May:  "Oh"
Lucario:  "He was my master.  And he betrayed me."

That's not what's said in the Japanese version at all.  In fact, it's almost the exact opposite.

Basically, Takeshi's equivalent line in the Japanese version is wondering whether or not what Lucario said about Arlon abandoning him is true.  Kid's and May's lines are pretty much the same in both versions, but it's when we get to Max's line that we get into the big changes.  That's because Masato originally hypothesized that Arlon had sealed Lucario in his staff to save him.  After that, the very next shot shows Lucario asking "Why...?"  The way the Japanese voice actor delivers the one word line is more of a confused "what does this all mean?" than it is an accusatory "why did you abandon me?"

While I know many people will consider this change to be insignificant, it really does alter the way the scene plays out.  In the English version, it seems like everyone's already judged Aaron as being guilty, while in the Japanese version, our heroes have a lot more cautious attitude about condemning Arlon.  This "he's guilty!" vs. "maybe he did it for Lucario's good" difference appears a few more times in the movie, and it's just something that bugged me as I watched the English version.

Toward the end of the movie, we get some good old-fashioned hypocritical editing:

Kid:  "No!  It's too dangerous!  You'll end up destroying yourself!"
Ash:  "If I don't do this, the Tree will die, and so will the pokémon who live here!"

I know what rule 4Kids is going by here; animals and plants can "die," but humans have to be "destroyed."  This pussyfooting around the concept of death is absolutely ridiculous, and these two lines (which really are said back-to-back) are the perfect examples of why that is.

Later, Arlon's final speech is reworked a bit in the dub.  I won't type up any more transcripts right now, but the difference between the two versions is that while the basic gist of the thing remains the same, a few small details are altered.  For example, 4Kids replaces Lucario's "Of course I would!" (in response to Arlon saying that Lucario would have followed him to the tree if he hadn't sealed him) with a line that pretty much says that Lucario's forgiven him.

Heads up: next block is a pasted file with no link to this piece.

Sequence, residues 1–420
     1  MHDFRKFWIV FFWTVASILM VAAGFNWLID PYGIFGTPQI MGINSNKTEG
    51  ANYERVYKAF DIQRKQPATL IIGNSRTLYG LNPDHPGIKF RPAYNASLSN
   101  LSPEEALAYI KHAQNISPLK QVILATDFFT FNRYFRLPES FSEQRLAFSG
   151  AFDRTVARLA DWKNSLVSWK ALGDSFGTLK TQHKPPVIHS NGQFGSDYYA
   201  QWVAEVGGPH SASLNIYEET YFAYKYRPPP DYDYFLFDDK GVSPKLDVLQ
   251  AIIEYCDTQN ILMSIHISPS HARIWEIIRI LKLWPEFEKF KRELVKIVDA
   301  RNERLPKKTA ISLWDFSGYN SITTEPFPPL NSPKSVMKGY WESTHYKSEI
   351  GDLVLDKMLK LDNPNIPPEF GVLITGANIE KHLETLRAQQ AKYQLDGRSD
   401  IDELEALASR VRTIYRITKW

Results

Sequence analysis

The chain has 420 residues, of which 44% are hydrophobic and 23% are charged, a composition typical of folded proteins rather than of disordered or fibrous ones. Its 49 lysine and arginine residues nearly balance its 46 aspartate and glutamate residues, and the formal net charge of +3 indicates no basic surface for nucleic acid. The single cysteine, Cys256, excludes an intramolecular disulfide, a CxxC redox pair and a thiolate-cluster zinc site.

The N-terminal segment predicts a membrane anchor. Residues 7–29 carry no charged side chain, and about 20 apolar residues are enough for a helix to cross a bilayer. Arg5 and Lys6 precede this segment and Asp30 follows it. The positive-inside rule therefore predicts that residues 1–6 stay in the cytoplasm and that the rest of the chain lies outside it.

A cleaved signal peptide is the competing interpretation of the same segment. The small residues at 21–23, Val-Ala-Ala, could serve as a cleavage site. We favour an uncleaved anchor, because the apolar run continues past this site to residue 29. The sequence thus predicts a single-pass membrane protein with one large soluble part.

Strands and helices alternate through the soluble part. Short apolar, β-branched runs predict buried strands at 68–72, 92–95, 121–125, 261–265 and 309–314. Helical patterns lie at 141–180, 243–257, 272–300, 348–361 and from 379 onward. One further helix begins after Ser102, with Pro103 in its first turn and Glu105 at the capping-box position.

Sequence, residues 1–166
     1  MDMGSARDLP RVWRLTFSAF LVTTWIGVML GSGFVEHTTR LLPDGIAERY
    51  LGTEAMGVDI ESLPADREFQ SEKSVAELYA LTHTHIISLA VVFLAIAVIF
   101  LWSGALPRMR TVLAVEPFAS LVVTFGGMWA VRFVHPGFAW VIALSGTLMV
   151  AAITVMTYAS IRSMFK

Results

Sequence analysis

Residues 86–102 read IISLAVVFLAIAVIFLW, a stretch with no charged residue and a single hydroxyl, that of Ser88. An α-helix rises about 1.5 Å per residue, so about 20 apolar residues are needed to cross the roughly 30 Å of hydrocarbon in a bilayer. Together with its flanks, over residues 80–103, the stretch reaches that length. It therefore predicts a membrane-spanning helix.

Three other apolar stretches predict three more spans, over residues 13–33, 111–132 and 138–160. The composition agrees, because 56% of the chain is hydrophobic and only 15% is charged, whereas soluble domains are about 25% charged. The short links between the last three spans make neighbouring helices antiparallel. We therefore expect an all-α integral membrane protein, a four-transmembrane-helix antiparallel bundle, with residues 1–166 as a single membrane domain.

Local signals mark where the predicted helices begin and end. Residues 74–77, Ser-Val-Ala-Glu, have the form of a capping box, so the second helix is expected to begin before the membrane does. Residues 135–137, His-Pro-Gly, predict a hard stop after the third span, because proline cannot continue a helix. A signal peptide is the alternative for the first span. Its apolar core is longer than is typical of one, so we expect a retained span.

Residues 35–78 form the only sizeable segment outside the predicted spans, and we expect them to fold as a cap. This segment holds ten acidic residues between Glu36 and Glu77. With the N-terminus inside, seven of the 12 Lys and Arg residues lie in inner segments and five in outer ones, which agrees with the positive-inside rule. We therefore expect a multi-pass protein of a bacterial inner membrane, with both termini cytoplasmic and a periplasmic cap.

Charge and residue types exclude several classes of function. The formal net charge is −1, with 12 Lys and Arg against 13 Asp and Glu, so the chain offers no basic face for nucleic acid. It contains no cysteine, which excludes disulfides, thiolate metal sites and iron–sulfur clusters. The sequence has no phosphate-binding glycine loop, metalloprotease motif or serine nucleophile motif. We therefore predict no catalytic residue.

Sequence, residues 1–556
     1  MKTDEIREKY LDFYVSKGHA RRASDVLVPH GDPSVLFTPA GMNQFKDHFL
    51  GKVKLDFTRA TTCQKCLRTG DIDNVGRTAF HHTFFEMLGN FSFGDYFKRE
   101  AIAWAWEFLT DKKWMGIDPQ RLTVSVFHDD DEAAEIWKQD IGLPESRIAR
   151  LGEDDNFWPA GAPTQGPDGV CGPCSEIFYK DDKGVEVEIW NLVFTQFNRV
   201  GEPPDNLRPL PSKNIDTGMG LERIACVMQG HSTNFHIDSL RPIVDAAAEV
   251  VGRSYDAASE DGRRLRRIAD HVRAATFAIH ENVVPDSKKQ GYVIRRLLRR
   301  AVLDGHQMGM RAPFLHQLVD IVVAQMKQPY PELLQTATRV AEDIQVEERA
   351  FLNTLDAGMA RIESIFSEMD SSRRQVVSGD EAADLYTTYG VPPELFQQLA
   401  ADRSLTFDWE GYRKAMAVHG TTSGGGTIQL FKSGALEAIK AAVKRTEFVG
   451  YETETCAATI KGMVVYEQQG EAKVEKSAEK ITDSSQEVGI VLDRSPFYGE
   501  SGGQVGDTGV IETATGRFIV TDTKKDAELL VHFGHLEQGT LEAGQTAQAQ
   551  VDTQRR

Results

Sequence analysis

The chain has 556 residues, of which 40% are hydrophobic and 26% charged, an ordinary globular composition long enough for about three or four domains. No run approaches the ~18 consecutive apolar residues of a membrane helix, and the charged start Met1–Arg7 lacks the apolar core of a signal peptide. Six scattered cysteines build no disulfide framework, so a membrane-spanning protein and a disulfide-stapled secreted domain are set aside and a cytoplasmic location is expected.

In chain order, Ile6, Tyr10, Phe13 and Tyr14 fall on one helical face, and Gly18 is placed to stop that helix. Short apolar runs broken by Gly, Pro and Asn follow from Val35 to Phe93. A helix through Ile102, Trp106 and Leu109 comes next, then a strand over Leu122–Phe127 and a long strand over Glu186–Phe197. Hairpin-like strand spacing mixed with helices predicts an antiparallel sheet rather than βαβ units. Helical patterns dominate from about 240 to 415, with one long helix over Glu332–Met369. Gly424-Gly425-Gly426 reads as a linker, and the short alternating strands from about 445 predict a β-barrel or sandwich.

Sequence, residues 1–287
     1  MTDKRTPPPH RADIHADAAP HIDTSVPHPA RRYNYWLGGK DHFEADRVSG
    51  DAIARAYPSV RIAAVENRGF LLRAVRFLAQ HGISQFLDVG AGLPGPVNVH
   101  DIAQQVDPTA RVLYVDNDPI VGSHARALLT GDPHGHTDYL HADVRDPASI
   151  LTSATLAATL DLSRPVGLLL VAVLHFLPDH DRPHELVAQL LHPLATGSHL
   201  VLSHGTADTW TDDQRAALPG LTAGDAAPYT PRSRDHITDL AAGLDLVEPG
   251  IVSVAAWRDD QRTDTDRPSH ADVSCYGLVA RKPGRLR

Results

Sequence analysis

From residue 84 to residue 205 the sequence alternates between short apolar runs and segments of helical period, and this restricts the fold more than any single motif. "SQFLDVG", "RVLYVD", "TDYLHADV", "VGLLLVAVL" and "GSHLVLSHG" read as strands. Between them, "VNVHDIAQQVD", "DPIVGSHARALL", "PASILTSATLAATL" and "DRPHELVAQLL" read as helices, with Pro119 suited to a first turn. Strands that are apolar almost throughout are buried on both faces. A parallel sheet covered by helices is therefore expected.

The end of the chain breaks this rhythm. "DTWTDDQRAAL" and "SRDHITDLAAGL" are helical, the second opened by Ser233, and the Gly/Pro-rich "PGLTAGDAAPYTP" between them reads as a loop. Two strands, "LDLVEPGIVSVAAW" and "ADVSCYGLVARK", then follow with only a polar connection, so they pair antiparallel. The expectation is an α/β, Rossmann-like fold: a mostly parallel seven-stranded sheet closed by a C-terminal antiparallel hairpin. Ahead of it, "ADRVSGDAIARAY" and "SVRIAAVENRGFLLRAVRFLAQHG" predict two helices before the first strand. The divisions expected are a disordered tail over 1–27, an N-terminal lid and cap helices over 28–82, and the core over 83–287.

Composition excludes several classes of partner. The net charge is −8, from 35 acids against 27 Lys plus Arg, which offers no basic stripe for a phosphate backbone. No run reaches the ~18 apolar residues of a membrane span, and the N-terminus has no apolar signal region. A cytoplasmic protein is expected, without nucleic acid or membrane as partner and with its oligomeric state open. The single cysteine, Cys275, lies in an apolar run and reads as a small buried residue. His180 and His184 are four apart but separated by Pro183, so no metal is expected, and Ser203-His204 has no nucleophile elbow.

Another example is when Satoshi yells "Don't die!" to Lucario, which is responded by Lucario saying that he's not dying - he's just going to where his master is.  This is replaced by Ash asking Lucario not to "leave" since, as we saw above, the word "die" is taboo.

I also thought that these lines were funny:

Aaron:  "I only wish you could have know the real story
(Then, a couple of lines later)
Aaron:  "I have...no regrets"

Well, 4Kids, which one is it?  Does he have any regrets or doesn't he?

Finally, the very last scene in the movie is WAY more talkative in the dub than it is in the Japanese version.  After May's "Oh Ash" line, both she and Brock continue to prattle on (off-camera, of course) about how Lucario is really gone before Ash talks about how the wave is inside him.  Originally, there isn't a word of dialogue between Haruka's reaction to Lucario's "death" and Satoshi's final line before the ending credits.

Music Edit
The movie's ending theme, Hajimari no Uta, is replaced in the dub by a cheesy 80's rock ballad-type song called We Will Meet Again.  I'm surprised 4Kids didn't get Puffy, who did the Japanese theme song, to record an English version of the song; after all, they do have their own cartoon in the U.S. and were even featured in last year's Macy's Day Thanksgiving Parade (the only other Japanese-themed float was...you guessed it...Pikachu).

Final Thoughts
This movie was the best Pocket Monsters movie in Japan, and thankfully, it's the best Pokémon movie in the US.  The biggest problem I have with the cropping to fullscreen, and I hope that any more movies that come out in the US will be shown uncropped. 

<>PUSA definitely has some big shoes to fill with their dub of the Manaphy movie, and I hope they're up to the task.